I had read Hawthorne’s book about 5 years ago and as I like to do if a movie is based upon a book, I like to find that movie and watch it.  I knew there was a movie made in 1995 starring Demi Moore and Gary Oldman, but when I read some of it’s reviews, I decided that that version was not the one I wanted to see.  Over and over again, I kept running into commentaries that said the 1926 silent version, starring Lillian Gish, was the best version of Hawthorne’s book.  Turner Classic Movies came to my rescue when they aired the movie during their “Silent Sunday Nights”, which is when the channel shows silent films.  I set the dvr machine and voila!  I was able to view this silent classic.

I, like a lot of movie viewers, had a distorted view of silent films.  They’re all about a damsel in distress, tied to railroad tracks by a villain in a black cape with a huge black moustache, and she’ll be saved by a handsome hero.  The acting will be hammy and over-demonstrative, and the music will be by either a piano or an organ.  I am now the first to admit that I have been wrong about silent films.  The acting isn’t hammy, the stories and plots are interesting, and many have been set to new orchestrations with various instruments that enhance the films quite a lot.

Gish’s The Scarlet Letter follows Hawthorne’s book well and the acting of it is superb.  Gish and her leading man, Hanson, do so much with their eyes as they depict their characters’ feelings.  Theirs is not an effort of histrionics but of subtle shifts, keyed in on their faces, and their eyes.  The sets looked very authentic, as did the costuming, and Sjostrom’s direction kept the telling of Hawthorne’s tale moving along at a good pace; it doesn’t get slow or draggy.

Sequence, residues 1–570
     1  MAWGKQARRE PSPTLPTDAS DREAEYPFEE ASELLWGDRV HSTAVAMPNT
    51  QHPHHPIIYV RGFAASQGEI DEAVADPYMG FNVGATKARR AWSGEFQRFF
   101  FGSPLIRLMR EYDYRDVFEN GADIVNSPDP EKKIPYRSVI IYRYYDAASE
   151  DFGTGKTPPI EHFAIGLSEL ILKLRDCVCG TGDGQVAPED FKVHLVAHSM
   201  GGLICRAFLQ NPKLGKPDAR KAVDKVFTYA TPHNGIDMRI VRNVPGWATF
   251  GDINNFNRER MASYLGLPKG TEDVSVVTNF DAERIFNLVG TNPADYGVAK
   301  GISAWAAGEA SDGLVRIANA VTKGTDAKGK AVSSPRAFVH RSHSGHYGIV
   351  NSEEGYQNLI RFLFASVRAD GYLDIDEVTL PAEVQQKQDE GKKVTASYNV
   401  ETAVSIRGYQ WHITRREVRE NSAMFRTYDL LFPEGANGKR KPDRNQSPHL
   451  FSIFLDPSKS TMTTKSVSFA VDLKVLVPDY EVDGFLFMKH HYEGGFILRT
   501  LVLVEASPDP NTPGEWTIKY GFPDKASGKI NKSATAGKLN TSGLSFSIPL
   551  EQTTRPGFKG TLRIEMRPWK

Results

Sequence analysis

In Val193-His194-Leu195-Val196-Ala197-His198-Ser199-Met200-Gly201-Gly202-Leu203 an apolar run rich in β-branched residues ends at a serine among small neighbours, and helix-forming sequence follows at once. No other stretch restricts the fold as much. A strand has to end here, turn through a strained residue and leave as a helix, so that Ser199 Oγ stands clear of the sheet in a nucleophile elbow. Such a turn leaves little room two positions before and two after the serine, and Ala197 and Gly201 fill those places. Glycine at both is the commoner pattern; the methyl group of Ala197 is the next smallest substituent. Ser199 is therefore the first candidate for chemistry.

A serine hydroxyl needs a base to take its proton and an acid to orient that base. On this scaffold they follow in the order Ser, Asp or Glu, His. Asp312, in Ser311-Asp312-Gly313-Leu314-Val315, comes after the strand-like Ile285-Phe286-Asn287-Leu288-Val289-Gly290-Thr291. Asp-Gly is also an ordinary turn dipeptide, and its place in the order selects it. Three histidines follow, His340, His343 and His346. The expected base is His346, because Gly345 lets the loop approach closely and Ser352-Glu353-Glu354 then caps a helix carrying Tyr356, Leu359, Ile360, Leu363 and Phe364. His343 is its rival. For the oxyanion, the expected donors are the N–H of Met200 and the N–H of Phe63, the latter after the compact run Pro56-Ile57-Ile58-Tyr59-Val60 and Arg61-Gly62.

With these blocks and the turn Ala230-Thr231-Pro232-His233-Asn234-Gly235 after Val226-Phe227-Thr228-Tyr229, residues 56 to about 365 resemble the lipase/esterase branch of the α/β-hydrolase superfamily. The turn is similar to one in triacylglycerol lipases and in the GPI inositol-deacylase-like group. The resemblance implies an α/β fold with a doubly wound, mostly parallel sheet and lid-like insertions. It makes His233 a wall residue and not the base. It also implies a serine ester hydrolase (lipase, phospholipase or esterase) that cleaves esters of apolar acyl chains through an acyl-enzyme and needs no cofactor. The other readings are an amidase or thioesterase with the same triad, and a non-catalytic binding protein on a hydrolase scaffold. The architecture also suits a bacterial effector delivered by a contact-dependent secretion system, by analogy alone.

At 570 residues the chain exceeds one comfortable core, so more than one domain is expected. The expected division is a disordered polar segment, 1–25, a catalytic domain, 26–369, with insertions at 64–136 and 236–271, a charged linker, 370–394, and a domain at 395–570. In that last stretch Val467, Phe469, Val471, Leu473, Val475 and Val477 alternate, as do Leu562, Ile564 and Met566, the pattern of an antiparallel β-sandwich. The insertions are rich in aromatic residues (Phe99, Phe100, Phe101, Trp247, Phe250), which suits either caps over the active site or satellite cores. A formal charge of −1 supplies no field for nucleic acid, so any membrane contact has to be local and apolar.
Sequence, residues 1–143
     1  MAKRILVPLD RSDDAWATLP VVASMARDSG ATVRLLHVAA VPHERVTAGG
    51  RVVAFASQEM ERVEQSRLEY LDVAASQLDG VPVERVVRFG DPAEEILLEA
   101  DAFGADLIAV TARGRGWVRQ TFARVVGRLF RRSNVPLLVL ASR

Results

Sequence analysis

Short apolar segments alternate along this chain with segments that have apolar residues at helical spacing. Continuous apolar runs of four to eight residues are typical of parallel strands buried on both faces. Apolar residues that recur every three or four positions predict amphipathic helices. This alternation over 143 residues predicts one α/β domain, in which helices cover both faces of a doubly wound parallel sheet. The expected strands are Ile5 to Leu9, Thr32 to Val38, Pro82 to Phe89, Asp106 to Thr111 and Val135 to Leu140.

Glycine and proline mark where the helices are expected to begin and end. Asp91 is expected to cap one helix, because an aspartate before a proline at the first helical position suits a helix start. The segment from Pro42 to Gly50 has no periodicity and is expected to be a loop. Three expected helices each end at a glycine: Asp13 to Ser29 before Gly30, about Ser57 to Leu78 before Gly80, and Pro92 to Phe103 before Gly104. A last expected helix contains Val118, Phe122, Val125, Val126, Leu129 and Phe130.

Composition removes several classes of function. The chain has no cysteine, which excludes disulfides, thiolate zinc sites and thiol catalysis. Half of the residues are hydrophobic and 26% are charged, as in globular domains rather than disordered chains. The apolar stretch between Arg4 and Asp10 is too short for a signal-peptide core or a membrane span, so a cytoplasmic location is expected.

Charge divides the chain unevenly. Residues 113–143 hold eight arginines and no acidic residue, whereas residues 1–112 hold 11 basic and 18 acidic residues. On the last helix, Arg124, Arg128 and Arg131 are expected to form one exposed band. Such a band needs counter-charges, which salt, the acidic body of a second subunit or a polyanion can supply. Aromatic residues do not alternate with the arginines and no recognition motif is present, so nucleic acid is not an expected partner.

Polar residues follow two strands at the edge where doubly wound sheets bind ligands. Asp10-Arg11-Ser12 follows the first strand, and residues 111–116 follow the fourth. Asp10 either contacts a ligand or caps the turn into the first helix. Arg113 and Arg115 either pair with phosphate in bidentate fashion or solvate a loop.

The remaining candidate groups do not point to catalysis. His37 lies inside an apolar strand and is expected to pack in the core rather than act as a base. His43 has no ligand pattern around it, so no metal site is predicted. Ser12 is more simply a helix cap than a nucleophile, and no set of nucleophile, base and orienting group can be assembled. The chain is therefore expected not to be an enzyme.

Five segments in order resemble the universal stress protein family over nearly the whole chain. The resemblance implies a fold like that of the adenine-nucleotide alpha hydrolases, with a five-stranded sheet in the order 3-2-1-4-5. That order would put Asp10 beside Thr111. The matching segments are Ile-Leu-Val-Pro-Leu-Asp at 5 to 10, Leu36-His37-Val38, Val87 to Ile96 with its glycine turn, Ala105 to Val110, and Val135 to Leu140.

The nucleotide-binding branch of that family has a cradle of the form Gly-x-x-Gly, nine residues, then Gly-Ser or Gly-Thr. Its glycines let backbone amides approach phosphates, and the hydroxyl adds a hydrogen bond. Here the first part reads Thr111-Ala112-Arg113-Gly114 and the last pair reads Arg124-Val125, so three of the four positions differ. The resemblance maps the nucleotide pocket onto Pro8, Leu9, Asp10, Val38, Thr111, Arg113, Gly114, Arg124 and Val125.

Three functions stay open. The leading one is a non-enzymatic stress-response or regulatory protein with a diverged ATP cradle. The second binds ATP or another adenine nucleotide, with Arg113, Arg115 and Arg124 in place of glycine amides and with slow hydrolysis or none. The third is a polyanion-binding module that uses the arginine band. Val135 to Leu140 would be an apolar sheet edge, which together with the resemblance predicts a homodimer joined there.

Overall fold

Lillian Gish as Hester Prynne

Lillian Gish as Hester Prynne

Swedish actor Lars Hanson as Rev. Dimmesdale

Swedish actor Lars Hanson as Rev. Dimmesdale

Gish portrays Hester Prynne, a beautiful Puritan woman who’s husband has been lost at sea.  She has had an affair with another man in the community, became pregnant, and has given birth to a daughter, Pearl.  The story opens with Hester being presented to the community, she standing on a platform holding her infant and refusing to name the father.  She is informed that she must stand there for 3 hours to suffer from her shame, and a huge, red letter A must be worn by her on the front of the bodice of her dress.  As Hester stands there, hearing the grumbling commentary from her neighbors, she notices her husband, Roger Prynne( Henry B. Walthall) in the crowd!  He’s not dead!  He, seeing his wife’s shaming, asks people near him in the crowd what has happened.  After he is informed as to why Hester is being punished, he vows to find the father of the child.